Toronto Film Society presented The Unknown Man (1951) on Monday, December 19, 1977 in a double bill with The Sniper as part of the Season 30 Monday Evening Film Buff Series, Programme 4.
Production Company: Metro-Goldwyn-Mayer. Producer: Robert Thomsen. Director: Richard Thorpe. Story/Screenplay: Ronald Milar, George Froeschel. Art Direction: Cedric Gibbons, Randall Duel. Music: Conrad Salinger. Photography: William Mellor. Editor: Ben Lewis.
Cast: Walter Pidgeon (Dwight Bradley Masen), Ann Harding (Stella Masen), Barry Sullivan (Joe Bucknor), Keefe Brasselle (Rudi Wallchek), Lewis Stone (Judge Hulbrook), Eduard Franz (Andrew Jason Layford), Richard Anderson (Bob Masen), Dawn Addams (Ellie Fansworth), Phil Ober (Wayne Kellwin), Mari Blanchard (Sally Tever), Konstantin Shayne (Peter Hulderman), Don Beddoe (Fingerprint Man), Holmes Herbert (Reverend Michael), Jean Andren (Secretary), Richard Hale (Eddie Caraway), Jeff York (Guard), John Maxwell (Dr. Palmer), John Butler, Harry Hines, Robert Scott, Ronald Brogan, Robert Griffin, Frank Gerstle, Jimmy Dodd, Larry Carr, Eric Sinclair (Reporters), Dabbs Greer (Driver), Mira McKinney (Maid), Richard Karlan (Lieutenant), Wheaton Chambers (Bailiff), Emmett Vogan (Court Clerk), Jack Gargan (Secretary), Moyna Andre, Anna Q. Nilsson, Bess Flowers (Guests), Mae Clarke (Stella’s Friend), Harry Cody (Detective), Jack Shea (Sash), Frank Pershing (Jury Foreman).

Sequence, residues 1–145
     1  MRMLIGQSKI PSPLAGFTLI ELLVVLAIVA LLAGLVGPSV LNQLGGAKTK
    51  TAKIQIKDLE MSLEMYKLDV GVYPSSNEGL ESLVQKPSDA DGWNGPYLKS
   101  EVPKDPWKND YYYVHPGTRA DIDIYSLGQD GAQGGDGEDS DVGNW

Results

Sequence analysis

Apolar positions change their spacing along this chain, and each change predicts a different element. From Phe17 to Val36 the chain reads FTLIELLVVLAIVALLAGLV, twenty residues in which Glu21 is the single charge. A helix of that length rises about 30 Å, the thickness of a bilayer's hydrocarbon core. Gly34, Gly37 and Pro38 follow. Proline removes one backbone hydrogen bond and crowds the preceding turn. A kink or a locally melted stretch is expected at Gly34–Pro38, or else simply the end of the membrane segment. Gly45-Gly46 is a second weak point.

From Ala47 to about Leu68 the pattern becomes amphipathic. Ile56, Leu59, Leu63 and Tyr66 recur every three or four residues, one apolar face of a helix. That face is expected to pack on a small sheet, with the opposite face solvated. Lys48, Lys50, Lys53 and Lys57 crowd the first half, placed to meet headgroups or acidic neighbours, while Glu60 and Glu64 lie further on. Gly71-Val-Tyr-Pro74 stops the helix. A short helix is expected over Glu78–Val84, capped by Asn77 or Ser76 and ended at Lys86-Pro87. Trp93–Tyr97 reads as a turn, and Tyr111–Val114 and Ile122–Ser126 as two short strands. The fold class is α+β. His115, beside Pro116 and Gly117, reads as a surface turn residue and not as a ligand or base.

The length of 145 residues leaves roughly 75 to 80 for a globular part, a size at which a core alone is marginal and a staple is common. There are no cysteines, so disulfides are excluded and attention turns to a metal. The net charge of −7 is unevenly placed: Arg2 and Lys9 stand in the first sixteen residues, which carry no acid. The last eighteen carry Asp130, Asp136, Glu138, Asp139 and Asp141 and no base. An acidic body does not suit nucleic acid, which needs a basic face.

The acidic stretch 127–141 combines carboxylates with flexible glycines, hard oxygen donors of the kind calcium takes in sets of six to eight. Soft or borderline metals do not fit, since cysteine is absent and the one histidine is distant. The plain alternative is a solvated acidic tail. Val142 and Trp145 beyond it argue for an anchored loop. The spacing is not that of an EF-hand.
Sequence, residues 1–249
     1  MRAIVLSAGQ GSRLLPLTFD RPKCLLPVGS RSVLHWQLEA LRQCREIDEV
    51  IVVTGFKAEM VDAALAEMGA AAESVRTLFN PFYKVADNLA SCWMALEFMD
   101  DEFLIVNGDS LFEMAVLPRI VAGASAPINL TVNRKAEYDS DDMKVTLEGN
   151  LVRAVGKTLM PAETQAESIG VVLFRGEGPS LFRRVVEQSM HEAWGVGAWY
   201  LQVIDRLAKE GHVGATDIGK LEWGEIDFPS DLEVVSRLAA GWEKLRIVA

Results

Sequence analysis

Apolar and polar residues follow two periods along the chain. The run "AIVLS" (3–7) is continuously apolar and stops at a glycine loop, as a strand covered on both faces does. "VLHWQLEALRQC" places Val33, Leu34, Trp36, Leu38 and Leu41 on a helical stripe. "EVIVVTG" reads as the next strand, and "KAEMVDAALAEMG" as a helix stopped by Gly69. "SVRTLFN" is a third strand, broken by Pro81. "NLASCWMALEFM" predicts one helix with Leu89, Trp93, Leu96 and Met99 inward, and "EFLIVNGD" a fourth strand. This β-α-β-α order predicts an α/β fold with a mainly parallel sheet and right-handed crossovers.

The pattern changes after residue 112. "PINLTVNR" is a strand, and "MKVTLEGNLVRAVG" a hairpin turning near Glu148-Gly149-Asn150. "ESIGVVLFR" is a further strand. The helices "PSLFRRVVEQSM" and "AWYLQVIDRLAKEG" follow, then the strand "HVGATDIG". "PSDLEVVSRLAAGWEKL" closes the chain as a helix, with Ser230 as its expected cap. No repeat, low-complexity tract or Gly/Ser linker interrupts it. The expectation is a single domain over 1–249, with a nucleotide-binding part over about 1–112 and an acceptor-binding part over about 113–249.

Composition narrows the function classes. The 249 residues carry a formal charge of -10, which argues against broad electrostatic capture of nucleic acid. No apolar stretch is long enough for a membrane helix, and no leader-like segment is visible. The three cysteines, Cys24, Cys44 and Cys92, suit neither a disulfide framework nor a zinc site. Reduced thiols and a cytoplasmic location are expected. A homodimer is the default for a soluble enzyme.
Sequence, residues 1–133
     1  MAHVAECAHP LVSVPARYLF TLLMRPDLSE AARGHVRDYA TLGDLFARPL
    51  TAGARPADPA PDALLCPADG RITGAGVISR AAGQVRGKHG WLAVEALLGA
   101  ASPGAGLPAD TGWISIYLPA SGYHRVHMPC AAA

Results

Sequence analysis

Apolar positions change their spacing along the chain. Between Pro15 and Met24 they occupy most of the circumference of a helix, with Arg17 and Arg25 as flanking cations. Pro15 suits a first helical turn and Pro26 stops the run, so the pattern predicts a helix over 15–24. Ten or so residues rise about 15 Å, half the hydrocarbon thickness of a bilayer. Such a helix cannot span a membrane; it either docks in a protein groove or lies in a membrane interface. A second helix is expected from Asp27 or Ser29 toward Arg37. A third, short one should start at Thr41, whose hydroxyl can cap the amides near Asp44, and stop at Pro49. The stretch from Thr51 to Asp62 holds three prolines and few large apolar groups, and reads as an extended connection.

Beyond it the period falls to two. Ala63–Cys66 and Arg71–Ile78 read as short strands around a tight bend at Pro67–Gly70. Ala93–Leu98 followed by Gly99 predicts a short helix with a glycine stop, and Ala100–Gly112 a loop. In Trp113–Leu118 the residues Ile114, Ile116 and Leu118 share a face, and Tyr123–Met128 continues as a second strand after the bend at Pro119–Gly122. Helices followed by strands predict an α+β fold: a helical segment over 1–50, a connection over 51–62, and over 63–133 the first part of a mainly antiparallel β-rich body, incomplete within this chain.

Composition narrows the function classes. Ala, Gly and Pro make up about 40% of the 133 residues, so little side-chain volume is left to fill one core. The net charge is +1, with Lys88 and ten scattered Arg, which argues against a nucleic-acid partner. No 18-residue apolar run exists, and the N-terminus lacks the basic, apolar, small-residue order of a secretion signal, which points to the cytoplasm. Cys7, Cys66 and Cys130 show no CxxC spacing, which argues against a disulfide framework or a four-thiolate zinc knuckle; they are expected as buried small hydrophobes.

…a rather unique story idea carrying some sound psychological tremors…Mr. Pidgeon is a respected civil lawyer who admirably tackles his first criminal case to save an innocent youth from a murder rap. With the lad scot-free, a chilling little scene reveals his blithe guilt and Mr. Pidgeon’s conscience spurs him through the city’s crime web to the No. 1 spider….
Some of the performances manage to pierce through. Miss Harding, as the lawyer’s wife, and Eduard Franz, as his victim, are conventionally restrained. On the other hand, Keefe Brasselle, the young killer; Mr. Sullivan, a cynical district attorney, and Konstantin Shayne, a confused locksmith, are first-rate.
The New York Times, H.H.T., November 17, 1951
Not much can be written of the story, because the surprise elements of the plot are so essential to the film’s appreciation. The film is far better than any of the contemporary reviews, particularly the New York Times, allow.
Richard Thorpe’s solid direction cannot be faulted for lack of spectacular effects. It gets to the point of the narrative as directly as possible, and lets the performances of the cast, especially a dignified Mr. Pidgeon, carry the story along to its surprising conclusion. The New York Times journalist was unduly harsh when he wrote: “Whoever is responsible, it’s no treat to watch Mr. Pidgeon though he might inquire, ‘Justice, anyone?'”
Notes written by Jaan Salk
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